Some faces are so familiar from our TV screens that when you have the chance to speak over Zoom it feels quite surreal. Speaking with the inimitable Prue Leith ahead of her appearance at Kite Festival I was relieved to find her as warm and forthright in our one-on-one as she is when consoling a baking hopeful on The Great British Bake Off.
We are talking ahead of your session at Kite Festival. What can the audience expect?
Well, it rather depends on what the questions are because I can rattle on about absolutely anything and I always feel sorry for my interviewers because stopping me is the problem –not getting me to talk. I think the things that interest people most are that I’ve done lots of different things rather than just plodding along on the same career. I reckon every 25 years is quite good to have a revolution in your life.
Famously you’ve written cookery books and novels and I wondered which cookery writers and which novelists you enjoy reading.
I think my favourite cookery writers are probably Nigel Slater – he's a really good writer –
Elizabeth David. I think Josceline Dimbleby writes really well. Of the new ones do you know Dr Rupy Aujla? He's called The Doctors Kitchen on the internet and I did a little TV series with him about trying to get people to cook more economically, save money and cook more healthily. He’s a doctor but he also believes in a lot of alternative medicine and food as medicine. I am a big fan of his and he writes really well and engagingly.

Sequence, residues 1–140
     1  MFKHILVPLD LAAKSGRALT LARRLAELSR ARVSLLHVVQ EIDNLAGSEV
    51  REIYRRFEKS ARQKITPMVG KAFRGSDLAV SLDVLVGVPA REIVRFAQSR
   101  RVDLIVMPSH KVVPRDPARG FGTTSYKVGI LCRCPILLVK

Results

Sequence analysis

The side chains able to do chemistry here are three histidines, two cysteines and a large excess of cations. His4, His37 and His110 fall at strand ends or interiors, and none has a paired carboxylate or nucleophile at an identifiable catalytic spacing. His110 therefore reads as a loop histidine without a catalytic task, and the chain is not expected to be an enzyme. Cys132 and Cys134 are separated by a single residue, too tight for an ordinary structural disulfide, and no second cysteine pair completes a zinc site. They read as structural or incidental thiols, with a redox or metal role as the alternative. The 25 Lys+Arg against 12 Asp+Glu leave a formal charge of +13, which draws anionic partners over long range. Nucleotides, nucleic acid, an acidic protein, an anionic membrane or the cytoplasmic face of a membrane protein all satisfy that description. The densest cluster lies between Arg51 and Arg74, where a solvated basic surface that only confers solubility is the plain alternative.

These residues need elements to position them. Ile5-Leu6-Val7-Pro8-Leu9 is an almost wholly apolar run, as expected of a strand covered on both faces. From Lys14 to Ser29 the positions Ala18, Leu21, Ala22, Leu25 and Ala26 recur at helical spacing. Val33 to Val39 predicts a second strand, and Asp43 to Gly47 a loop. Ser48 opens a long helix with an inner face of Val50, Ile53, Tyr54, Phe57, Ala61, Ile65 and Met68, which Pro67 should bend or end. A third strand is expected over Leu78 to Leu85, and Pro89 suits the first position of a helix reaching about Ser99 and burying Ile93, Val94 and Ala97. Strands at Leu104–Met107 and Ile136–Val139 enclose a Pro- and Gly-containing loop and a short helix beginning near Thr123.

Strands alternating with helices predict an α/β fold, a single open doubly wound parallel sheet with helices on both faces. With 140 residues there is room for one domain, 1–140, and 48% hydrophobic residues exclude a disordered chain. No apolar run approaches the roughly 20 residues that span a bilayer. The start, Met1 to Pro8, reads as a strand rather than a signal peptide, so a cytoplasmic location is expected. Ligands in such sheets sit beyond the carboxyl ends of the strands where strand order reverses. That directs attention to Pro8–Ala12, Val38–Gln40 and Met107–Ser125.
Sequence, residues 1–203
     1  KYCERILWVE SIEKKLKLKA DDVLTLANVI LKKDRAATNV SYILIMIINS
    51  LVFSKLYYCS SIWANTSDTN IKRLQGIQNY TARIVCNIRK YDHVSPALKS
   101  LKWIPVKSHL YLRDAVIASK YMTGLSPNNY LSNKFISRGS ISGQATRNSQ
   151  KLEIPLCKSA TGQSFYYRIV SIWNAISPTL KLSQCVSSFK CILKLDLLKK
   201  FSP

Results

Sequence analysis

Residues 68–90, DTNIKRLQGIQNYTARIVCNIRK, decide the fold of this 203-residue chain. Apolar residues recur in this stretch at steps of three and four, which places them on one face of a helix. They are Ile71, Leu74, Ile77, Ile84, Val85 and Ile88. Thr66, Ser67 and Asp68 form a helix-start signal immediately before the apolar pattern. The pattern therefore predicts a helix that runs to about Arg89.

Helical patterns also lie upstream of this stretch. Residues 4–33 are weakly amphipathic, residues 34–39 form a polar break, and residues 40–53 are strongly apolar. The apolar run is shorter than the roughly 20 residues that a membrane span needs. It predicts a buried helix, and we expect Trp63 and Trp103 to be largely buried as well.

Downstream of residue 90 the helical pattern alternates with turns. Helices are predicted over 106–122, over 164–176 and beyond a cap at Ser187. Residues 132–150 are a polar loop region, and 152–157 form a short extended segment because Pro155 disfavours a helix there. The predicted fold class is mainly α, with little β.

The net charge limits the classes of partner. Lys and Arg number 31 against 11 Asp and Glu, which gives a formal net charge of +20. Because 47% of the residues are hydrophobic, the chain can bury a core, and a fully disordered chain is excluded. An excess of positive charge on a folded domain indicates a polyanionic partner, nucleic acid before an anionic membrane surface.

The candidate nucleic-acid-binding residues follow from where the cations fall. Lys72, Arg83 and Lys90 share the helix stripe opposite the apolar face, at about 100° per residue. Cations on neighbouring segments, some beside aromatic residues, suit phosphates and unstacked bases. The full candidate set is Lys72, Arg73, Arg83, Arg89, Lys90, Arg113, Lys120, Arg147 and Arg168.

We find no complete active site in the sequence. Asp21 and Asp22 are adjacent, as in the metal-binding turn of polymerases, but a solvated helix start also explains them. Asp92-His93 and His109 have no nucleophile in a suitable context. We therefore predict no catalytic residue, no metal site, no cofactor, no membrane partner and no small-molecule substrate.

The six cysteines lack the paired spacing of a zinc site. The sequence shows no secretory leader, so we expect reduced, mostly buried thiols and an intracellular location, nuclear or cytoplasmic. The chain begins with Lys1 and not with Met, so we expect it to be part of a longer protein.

And a novelist?
Oh my goodness, you know I think one of the best novelists to just curl up with is Jojo Moyes. She always takes some subject which is quite serious and makes it into a really engaging story. She wins these romantic novel awards but she's not a ‘romantic novelist’ – I think is an insulting word. It drives me mad because I think there’s something sort of prejudiced about it.
You’ve been refreshingly honest about many potentially controversial subjects but have largely escaped the universal condemnation which is currently so prevalent in our culture. I wonder, have you ever been scared of being cancelled?
Well, no. I’m too old. I mean if it got so bad that Bake Off felt they had to sack me I would feel it was deeply unfair but I think they'd be braver than that. If I said something that was politically unacceptable it would probably be because I’m quite impulsive and reckless in a way. I don’t always carefully choose my words, but it would never be that I intend to do anybody harm so any cancel culture would be malicious rather than well-founded.